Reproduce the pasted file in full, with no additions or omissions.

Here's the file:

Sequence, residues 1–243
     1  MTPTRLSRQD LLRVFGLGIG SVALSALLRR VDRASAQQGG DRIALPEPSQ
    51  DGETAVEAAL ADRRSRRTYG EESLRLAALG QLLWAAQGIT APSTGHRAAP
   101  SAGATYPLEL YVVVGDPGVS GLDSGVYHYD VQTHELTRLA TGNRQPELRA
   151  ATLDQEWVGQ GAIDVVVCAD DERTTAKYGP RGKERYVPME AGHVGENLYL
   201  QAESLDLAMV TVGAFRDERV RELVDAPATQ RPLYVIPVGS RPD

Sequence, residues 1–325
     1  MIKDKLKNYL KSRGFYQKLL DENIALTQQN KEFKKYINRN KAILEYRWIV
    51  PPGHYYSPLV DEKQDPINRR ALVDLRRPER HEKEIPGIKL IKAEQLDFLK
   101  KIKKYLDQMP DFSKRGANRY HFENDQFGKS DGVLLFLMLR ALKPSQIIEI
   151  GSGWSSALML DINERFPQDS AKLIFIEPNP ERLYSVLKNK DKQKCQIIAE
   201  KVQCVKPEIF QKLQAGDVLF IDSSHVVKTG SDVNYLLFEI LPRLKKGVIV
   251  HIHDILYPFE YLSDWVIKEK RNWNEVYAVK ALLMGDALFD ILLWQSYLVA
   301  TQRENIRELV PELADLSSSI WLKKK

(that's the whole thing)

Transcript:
Sequence, residues 1–243
     1  MTPTRLSRQD LLRVFGLGIG SVALSALLRR VDRASAQQGG DRIALPEPSQ
    51  DGETAVEAAL ADRRSRRTYG EESLRLAALG QLLWAAQGIT APSTGHRAAP
   101  SAGATYPLEL YVVVGDPGVS GLDSGVYHYD VQTHELTRLA TGNRQPELRA
   151  ATLDQEWVGQ GAIDVVVCAD DERTTAKYGP RGKERYVPME AGHVGENLYL
   201  QAESLDLAMV TVGAFRDERV RELVDAPATQ RPLYVIPVGS RPD

Sequence, residues 1–325
     1  MIKDKLKNYL KSRGFYQKLL DENIALTQQN KEFKKYINRN KAILEYRWIV
    51  PPGHYYSPLV DEKQDPINRR ALVDLRRPER HEKEIPGIKL IKAEQLDFLK
   101  KIKKYLDQMP DFSKRGANRY HFENDQFGKS DGVLLFLMLR ALKPSQIIEI
   151  GSGWSSALML DINERFPQDS AKLIFIEPNP ERLYSVLKNK DKQKCQIIAE
   201  KVQCVKPEIF QKLQAGDVLF IDSSHVVKTG SDVNYLLFEI LPRLKKGVIV
   251  HIHDILYPFE YLSDWVIKEK RNWNEVYAVK ALLMGDALFD ILLWQSYLVA
   301  TQRENIRELV PELADLSSSI WLKKK